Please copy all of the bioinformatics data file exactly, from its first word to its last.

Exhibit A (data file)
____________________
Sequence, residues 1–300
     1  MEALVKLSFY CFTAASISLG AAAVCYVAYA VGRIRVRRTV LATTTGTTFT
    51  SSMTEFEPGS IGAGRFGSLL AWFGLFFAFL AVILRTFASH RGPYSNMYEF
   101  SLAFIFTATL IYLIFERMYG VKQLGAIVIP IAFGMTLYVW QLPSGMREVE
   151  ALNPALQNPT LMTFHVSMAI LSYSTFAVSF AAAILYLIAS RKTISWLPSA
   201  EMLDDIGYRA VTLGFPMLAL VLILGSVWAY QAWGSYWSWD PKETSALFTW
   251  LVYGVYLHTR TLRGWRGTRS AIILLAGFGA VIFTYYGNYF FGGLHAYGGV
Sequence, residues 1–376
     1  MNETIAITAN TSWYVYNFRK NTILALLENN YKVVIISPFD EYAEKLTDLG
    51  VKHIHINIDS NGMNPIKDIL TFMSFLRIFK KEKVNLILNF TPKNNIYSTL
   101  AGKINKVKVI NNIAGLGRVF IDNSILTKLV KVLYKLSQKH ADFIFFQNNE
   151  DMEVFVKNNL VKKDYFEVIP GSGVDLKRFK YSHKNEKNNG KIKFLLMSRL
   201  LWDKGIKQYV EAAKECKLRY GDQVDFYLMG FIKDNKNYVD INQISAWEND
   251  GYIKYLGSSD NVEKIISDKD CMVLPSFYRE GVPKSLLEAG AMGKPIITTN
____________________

Sequence, residues 1–300
     1  MEALVKLSFY CFTAASISLG AAAVCYVAYA VGRIRVRRTV LATTTGTTFT
    51  SSMTEFEPGS IGAGRFGSLL AWFGLFFAFL AVILRTFASH RGPYSNMYEF
   101  SLAFIFTATL IYLIFERMYG VKQLGAIVIP IAFGMTLYVW QLPSGMREVE
   151  ALNPALQNPT LMTFHVSMAI LSYSTFAVSF AAAILYLIAS RKTISWLPSA
   201  EMLDDIGYRA VTLGFPMLAL VLILGSVWAY QAWGSYWSWD PKETSALFTW
   251  LVYGVYLHTR TLRGWRGTRS AIILLAGFGA VIFTYYGNYF FGGLHAYGGV
Sequence, residues 1–376
     1  MNETIAITAN TSWYVYNFRK NTILALLENN YKVVIISPFD EYAEKLTDLG
    51  VKHIHINIDS NGMNPIKDIL TFMSFLRIFK KEKVNLILNF TPKNNIYSTL
   101  AGKINKVKVI NNIAGLGRVF IDNSILTKLV KVLYKLSQKH ADFIFFQNNE
   151  DMEVFVKNNL VKKDYFEVIP GSGVDLKRFK YSHKNEKNNG KIKFLLMSRL
   201  LWDKGIKQYV EAAKECKLRY GDQVDFYLMG FIKDNKNYVD INQISAWEND
   251  GYIKYLGSSD NVEKIISDKD CMVLPSFYRE GVPKSLLEAG AMGKPIITTN